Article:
Characterful Chester

It has taken two thousand years to create the Chester of today! The Romans established it as a port some 2 millennia ago and set up a fort here. The area was the ideal location for a gateway to the north. A lot has happened in Britain in the intervening time but there are still some Roman remains to be seen throughout the city. Parts of the wall are 2 millennia old. An amphitheatre can just about be made out along with some foundations in another location. Notes by one area close to the present town hall declare that the ruins on display are the remains of the heart of the fortress located at Deva.

 

My knowledge of English history prior to 1066 is much weaker than that of the post 1066 era though this says very little. It was in Saxon times that Chester’s first cathedral was built; it remains to this day but in the form of ruins next to the St John the Baptist church. Entry to these ruins is free and there are notes on display boards to assist people like me who have little understanding of this part of British history.

What was incredible to believe, as there was no evidence to back it up, was that this was once a key port! Chester sits on the river Dee which back then had not silted up, so it was accessible by boat. It was possible to reach Ireland by boat from here. During these times the city of Liverpool was nothing but 7 streets so, at that time, it was strategically more important than its famous Mersey neighbour. I have no idea what silting is (the dictionary says, ‘the process of becoming filled or blocked with silt and further says that silt is fine sand, clay, or other material carried by running water and deposited as a sediment, especially in a channel or harbour), but this was the main cause of the decline of Chester as a  harbour. As a result, docks were removed with the last one going as late as the 1960s.

The river passes around half the city and the city’s racecourse. This charming setting seems to be slightly neglected. There is a noticeable lack of waterfront pubs and eateries which mean that there are not large gatherings of people here. That is to be considered as an advantage. Perhaps this will come. After walking along the riverbank for a short while, the path and banks are overgrown. Perhaps this is the reason for people staying in the city centre. I can see that improvements could be made along these banks to entice folks away from the hustle and bustle.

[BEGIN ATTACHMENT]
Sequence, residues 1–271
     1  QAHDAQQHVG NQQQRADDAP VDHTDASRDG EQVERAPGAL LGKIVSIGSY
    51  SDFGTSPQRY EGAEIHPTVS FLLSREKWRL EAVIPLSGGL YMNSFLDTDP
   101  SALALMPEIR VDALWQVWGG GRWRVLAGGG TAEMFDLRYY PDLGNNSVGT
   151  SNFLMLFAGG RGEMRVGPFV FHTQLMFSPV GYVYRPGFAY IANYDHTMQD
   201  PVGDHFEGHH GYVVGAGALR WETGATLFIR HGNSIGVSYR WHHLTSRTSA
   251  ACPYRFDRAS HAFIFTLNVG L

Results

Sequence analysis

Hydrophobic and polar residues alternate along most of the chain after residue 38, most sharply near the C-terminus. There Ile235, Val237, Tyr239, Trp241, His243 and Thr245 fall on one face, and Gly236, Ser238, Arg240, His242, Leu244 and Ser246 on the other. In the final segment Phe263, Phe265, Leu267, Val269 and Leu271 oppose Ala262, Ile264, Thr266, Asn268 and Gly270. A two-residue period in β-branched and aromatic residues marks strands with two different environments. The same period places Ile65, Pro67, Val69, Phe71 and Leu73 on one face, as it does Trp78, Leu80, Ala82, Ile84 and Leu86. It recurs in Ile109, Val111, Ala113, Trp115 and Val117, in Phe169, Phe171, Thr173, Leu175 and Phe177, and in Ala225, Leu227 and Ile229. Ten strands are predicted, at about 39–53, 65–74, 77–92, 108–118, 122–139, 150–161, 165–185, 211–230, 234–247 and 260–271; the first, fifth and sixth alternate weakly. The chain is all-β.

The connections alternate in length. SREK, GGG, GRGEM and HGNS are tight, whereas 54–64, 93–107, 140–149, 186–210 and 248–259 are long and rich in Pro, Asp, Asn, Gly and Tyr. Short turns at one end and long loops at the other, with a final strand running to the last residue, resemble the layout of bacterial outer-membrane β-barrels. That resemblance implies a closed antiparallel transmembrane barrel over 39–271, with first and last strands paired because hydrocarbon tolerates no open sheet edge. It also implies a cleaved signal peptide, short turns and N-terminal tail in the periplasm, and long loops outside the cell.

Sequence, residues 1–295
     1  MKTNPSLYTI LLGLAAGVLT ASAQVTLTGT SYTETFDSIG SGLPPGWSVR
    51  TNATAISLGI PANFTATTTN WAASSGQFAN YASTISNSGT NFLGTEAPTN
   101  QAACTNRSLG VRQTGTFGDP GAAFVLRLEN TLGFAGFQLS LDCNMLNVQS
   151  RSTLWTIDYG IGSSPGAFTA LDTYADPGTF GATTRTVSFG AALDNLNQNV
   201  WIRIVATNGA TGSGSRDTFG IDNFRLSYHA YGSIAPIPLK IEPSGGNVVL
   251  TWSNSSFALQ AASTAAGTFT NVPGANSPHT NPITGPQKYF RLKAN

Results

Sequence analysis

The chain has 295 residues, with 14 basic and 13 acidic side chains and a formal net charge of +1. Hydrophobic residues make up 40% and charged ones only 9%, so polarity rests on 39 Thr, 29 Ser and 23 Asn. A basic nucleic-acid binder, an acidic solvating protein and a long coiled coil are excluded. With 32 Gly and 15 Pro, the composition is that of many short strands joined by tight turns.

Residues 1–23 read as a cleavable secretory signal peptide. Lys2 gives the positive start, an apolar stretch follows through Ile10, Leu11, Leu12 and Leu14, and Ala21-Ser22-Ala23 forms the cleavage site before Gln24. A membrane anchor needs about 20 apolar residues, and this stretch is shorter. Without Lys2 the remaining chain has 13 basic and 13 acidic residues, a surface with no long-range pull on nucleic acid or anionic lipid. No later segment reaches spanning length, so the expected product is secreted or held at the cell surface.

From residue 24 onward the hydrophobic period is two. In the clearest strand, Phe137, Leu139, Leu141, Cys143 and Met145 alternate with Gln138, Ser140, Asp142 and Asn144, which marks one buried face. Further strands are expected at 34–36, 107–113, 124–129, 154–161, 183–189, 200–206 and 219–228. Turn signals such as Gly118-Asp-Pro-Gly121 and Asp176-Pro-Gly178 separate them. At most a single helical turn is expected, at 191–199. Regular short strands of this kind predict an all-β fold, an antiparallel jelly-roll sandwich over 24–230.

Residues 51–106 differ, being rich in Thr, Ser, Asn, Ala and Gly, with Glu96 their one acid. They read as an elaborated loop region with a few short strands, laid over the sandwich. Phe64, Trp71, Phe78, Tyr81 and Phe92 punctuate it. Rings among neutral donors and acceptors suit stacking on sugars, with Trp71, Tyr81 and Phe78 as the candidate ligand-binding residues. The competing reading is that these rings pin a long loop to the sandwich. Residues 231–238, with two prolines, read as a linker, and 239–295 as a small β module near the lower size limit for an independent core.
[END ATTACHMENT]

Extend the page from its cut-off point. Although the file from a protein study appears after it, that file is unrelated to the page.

In spite of this there are some iconic bridges to explore. The Grosvenor bridge, from which, incidentally, a superb view of the racecourse is possible, is impressive. It is one of 3 main bridges across the river Dee with the majority of traffic crossing into the city via this Grosvenor bridge. Walking across the Old Dee bridges gives a view of one of the four gates through the city walls. The city boasts the most complete walls in the country and are a wonderful way to start exploring the city as they give an idea of its size, structure and layout. With all walls there must be entrance points, and as my meanderings grow, I will begin to learn more about this, but a common theme might be that these gates are located at the points of a compass.

And so to the walls. As I trod along these walls it made me think about their very existence. Were they built to keep an enemy away and protect all that was encompassed by them? Why have they not remained in all cities? When walking these walls don’t be afraid to leave them for you never know what you might find either side of them. A castle? A blue coat hospital? Cannons that were used long ago? Walking along the walls as best as I could (repair works while I was there) I came across a round tower in the north eastern corner. It was constructed during the reign of Charles I, and now aptly named King Charles Tower. The city was loyal to Charles during the Civil War during the 17th century. It is alleged that Charles stood atop this tower and watched his army defeated at the battle of Rowton Moor. It would be difficult see as far as Rowton from this vantage point, but it may well have been that back then he saw soldiers returning from the affray.

Inside the walls is where Chester’s true charm is to be found in, believe it or not, its distinguished shopping area!! The iconic black and white, half-timbered, buildings have lower levels that are shops. It is almost as if delightful architecture and functionality have become entangled through dreamy, though no doubt deliberate, design and that these buildings have stood the test of time. The double delight of the 700 year old row galleries captivate your immediate attention. Their brilliant design was surely light years ahead of its time. These black and white façades still remain in the modern dysfunctional British high streets. Chester seems to have a lure for shoppers and results in busy and overcrowded streets. As these old designs have remained, they were clearly not designed for the amount of people that now overcrowd these streets and there is a definite sense of being hemmed in.